Sunday, September 03, 2006

What uninsured crisis?

Post lifted from the Locker Room

A slide from the Duke University Center for Health Policy unintentionally offers some perspective on this week's Census report that 15.9% of Americans are without health insurance, the highest level since 1998 when 16.3% were uninsured. Nina Owcharenko thinks the best way to deal with the problem is to eliminate barriers in the individual market.


Despite exploding costs, most Americans got sizable life-extending bang for their medical bucks over recent decades, says one of the most sweeping studies ever of health-care value. That might come as a surprise to anyone who has ever shuddered over a medical bill, and the report itself raises doubts over how quickly costs have escalated. However, the study calculated that Americans of all ages spent an average of $19,900 on medical care for each extra year of life expectancy gained over the last four decades of the 20th century. And that cost is worth it, the study authors say. "On average, the return is very high," concludes study leader David Cutler, a Harvard University health economist. "But it's getting worse for ... in particular, the elderly."

The federally funded study by researchers at Harvard and the University of Michigan was being published Thursday in the New England Journal of Medicine. The researchers measured value by the cost of care that extends the average person's life by one year. The $19,900 spent for each extra year of life - when averaged over 40 years - would be widely considered a reasonable value. Many public and private insurers routinely pay for treatments that cost up to roughly $100,000 for each additional year of life. The researchers attribute this this relatively low cost for longer lifespan to things like cheap blood-pressure drugs that prevent heart attacks.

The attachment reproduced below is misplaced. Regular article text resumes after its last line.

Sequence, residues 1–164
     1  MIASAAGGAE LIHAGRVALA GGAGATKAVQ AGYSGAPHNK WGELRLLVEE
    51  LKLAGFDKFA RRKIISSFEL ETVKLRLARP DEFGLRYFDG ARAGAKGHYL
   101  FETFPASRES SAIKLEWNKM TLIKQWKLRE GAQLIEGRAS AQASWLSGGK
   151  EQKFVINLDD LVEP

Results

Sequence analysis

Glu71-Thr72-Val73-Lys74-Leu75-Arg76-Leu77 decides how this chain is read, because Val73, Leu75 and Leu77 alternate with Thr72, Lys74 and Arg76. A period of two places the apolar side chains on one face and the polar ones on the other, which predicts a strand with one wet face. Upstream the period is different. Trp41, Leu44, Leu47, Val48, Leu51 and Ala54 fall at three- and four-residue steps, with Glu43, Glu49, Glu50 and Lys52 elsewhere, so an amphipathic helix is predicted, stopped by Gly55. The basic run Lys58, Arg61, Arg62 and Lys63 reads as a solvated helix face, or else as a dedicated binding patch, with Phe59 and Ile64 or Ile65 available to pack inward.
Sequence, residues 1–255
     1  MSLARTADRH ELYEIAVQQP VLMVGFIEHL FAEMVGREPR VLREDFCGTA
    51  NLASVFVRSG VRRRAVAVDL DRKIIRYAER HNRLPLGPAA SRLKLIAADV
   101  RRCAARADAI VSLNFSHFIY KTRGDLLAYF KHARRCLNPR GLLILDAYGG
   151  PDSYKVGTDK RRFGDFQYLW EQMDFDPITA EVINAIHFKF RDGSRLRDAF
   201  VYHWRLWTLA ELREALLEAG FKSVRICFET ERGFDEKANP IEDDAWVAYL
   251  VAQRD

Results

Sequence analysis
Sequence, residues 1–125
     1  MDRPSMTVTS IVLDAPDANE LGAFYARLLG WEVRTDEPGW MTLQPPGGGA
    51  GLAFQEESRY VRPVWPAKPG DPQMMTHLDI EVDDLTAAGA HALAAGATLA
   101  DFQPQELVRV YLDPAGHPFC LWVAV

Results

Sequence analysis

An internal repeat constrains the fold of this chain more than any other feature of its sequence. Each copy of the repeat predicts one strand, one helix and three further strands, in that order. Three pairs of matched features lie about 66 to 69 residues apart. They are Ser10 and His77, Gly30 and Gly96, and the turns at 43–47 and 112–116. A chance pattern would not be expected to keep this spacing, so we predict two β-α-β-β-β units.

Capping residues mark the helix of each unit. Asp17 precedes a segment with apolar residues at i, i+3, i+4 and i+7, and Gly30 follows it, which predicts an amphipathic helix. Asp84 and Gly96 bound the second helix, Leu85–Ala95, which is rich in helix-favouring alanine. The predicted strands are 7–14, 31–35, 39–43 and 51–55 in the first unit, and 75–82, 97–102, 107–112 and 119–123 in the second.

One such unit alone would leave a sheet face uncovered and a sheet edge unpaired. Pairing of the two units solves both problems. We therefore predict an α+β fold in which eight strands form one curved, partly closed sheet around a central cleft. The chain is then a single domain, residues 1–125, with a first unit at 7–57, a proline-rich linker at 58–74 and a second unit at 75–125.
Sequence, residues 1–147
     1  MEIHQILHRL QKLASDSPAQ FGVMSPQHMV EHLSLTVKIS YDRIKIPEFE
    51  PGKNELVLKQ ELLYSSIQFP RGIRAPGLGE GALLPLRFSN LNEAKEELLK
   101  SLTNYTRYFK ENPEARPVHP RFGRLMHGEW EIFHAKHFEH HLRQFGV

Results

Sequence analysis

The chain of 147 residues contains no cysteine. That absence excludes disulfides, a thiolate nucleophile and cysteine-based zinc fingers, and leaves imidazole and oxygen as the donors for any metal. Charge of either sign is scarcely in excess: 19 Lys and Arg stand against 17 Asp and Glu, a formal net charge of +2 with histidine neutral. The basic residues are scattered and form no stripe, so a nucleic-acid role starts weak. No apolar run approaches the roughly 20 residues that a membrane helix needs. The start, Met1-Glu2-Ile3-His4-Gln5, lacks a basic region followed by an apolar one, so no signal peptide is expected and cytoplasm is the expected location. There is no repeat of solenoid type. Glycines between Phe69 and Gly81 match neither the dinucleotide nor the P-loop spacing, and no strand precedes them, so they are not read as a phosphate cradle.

However, the study also outlines disquieting trends. It finds that inflation-adjusted costs from birth rose fivefold between the 1970s and 1990s, when the cost of an additional year of life span peaked at $36,300. That means each health care dollar of the 1990s, when expensive drugs made modest impact on cancer, bought a fifth as much real value as 20 years before, when cheaper medicines saved many lives.

Values deteriorated seriously for older people, the study finds. By the 1990s, 65-year-olds paid $145,000 for each additional year of life gained - a value that would be challenged for many individual treatments. These higher costs presumably come largely from end-of-life care that doesn't extend life very much.

Health policy chief Kathleen Stoll, of the advocacy group Families USA, said she believes the study suggests real value anyway. "Each increment of gain is more expensive now, but certainly very valuable to the person involved and their family," she said.

Others were troubled. "The fact that someone is writing this paper shows how desperate the health care system is to justify these out-of-control increases in health spending," said consumer advocate Dr. Sidney Wolfe, who heads health research at Public Citizen.

The researchers admit their calculations give only a partial picture of value. They started by calculating average changes in both medical spending and life expectancy for various age groups in each decade. Then they divided changes in spending by changes in life expectancy, yielding the cost per year of life gained. But many factors extend life apart from medical care, like not smoking or keeping extra weight off. So the researchers turned to previous studies suggesting that about half of all gains in lifetime stem from medical care - and adjusted their findings accordingly.